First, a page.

For some moms it comes easy.
They know they are going back to work, they love their job and are a better mom because of it. Other moms dream of being stay at home moms since they were a little girl. They quit their job once they find out they are pregnant and that is that.
I, on the other hand have fought becoming a stay at home mom. Not because it isn’t something that I also have dreamed of, but because it is unknown territory. I’m scared to fully dive in. I doubt myself, despite knowing I’m a good mom, and constantly flop back and forth on what the right decision is. I’ve always wanted to be a mom, but have always had business goals and projects swirling around me. I juggle a lot, and I like it that way, but over Lottie’s first year and a half my heart has changed.
For the past 21 months I’ve been working from home and also watching her full time at home.
Recently, (probably because #2 is going to make an appearance very soon) my desire to be at home full time has been stronger than ever. These babies are only little for a short time, and with every day I see her learning so much. I’m spending time teaching her simple things like counting to 10 and her ABC’s, while witnessing her brain working and watching her pride as she learns the simplest acts. It’s an incredible feeling as a mom to look at her with an adoration and love that screams “I did that… I taught her that… that was me.”
Quick side note: I’m not writing this to declare I think stay-at-home-mom life is the way to go, or I think my life is any harder/easier/busier than the next mom’s. I don’t think becoming a stay at home mom is for everyone. I think it’s a calling that you feel pulled to and I’m grateful some moms feel pulled to work. There are women in my life (my OB/GYN, for example) that have chosen to work and because of it have greatly impacted my life.
I enjoy working. I take great pride in my work, enjoy interacting with other adults and feeling as if I am making a difference with the work that I do. I also enjoy eating in quiet, not stepping on cheerios as I walk across the living room and peeing with the door shut. I’m most likely not going to get this as a stay at home mom. It’s a difficult decision that I’ve struggled with. I don’t think any mom has the best case situation, I think every mom makes the decision that is the best for their family at the time.
My situation moving forward is that I’ve been called to be at home. My next stage of life is going to be focused on raising these babies and I couldn’t be more excited.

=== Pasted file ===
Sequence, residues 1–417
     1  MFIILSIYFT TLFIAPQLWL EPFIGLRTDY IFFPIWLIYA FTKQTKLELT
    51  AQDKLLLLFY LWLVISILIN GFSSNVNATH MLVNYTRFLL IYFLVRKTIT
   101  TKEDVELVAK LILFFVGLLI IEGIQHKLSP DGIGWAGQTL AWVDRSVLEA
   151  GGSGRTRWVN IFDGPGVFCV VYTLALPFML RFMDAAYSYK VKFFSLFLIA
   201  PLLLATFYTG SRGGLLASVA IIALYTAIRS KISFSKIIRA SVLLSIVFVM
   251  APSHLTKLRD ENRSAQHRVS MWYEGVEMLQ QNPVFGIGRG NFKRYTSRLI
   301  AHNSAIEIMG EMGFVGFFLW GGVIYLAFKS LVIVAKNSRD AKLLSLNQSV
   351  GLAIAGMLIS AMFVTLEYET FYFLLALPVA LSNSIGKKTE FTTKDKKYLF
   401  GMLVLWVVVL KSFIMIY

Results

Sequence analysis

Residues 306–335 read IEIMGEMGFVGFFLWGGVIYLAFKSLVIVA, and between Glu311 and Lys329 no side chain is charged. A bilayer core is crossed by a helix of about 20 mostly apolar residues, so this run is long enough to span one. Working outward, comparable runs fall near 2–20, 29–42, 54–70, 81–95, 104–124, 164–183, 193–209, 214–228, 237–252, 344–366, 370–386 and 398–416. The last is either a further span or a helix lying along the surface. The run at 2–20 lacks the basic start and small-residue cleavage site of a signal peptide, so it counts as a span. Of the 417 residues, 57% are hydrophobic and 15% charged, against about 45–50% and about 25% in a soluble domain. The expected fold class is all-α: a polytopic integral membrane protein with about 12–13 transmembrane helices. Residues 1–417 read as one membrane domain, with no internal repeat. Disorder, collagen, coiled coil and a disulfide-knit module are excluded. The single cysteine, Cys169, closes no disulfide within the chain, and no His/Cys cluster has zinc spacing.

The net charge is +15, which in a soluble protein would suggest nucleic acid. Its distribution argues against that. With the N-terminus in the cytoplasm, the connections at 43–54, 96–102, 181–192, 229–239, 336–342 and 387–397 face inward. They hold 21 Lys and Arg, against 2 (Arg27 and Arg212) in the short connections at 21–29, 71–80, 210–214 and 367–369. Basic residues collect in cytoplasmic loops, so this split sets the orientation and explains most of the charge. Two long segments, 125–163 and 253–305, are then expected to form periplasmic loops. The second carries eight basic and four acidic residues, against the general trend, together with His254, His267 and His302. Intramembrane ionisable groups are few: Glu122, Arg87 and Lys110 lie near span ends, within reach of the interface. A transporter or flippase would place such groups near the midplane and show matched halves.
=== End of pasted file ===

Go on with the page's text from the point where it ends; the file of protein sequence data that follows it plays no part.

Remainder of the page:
As of this week I am officially a full time, stay at home mom.
This decision didn’t come lightly. It came with a lot of back and forth and long nights talking with Josh. From day one Josh has been supportive of me making the change to stay at home and be the mama of the family, but he also makes it clear that he supports whatever I want to do work wise.
My heart has been at home for awhile now.
I enjoy work and love the clients I work with, but at the end of the day my purpose and desire is to be spending every special moment with my babies. My heart hurts knowing that these moments aren’t going to last long, and while they are here I want to soak them up.
Juggling too much was leaving me exhausted. We are all already exhausted as moms, but trying to be a full time working mom and stay at home mom was draining me beyond what I ever imagined. I was short with Lottie and Josh, stressed, and not fun to be around. My phone was attached to my hip, constantly dinging with notifications and emails which was further taking my attention off of Lottie. I felt I was giving everyone half of me, and no one my full attention. I want to reprioritize my time and be present in the important moments and activities, freeing myself from the appointments that aren’t soul building.
I joke with my husband that I am quitting one job for a more difficult one.
I am choosing to spend my day arguing over eating vegetables and repeating the phrase “pee pee goes in the potty” over and over again. Changing my hundredth diaper of the week, sleep training and don’t forget the snot, spit up and other bodily functions that come with little ones. The days are long when you are spending them with a baby or toddler, your conversations are limited, and the highlights are when you make it through a few hours without a tantrum. Despite the un-glamorous side of stay at home mommying, I feel lucky to have a supportive husband who is excited for me to be home with these little people and I am loving the life we’ve created together.
Why was it such a hard decision for me?
After a lot of soul searching I am finally able to put into words what my internal struggle was with giving up work to become a stay at home mom.
For 21 months I had the excuse of working and taking care of Lottie full-time. It was an excuse that I hid behind too often. When I was stressed or run down or busy I simply said “Look at all I’m doing, of course I’m overwhelmed”. I didn’t send her to day care or get a nanny, I crammed my work into her nap time and after she went to bed. I feared that when I stopped working I wouldn’t have the excuse of having too much on my plate and my stress wouldn’t be justified.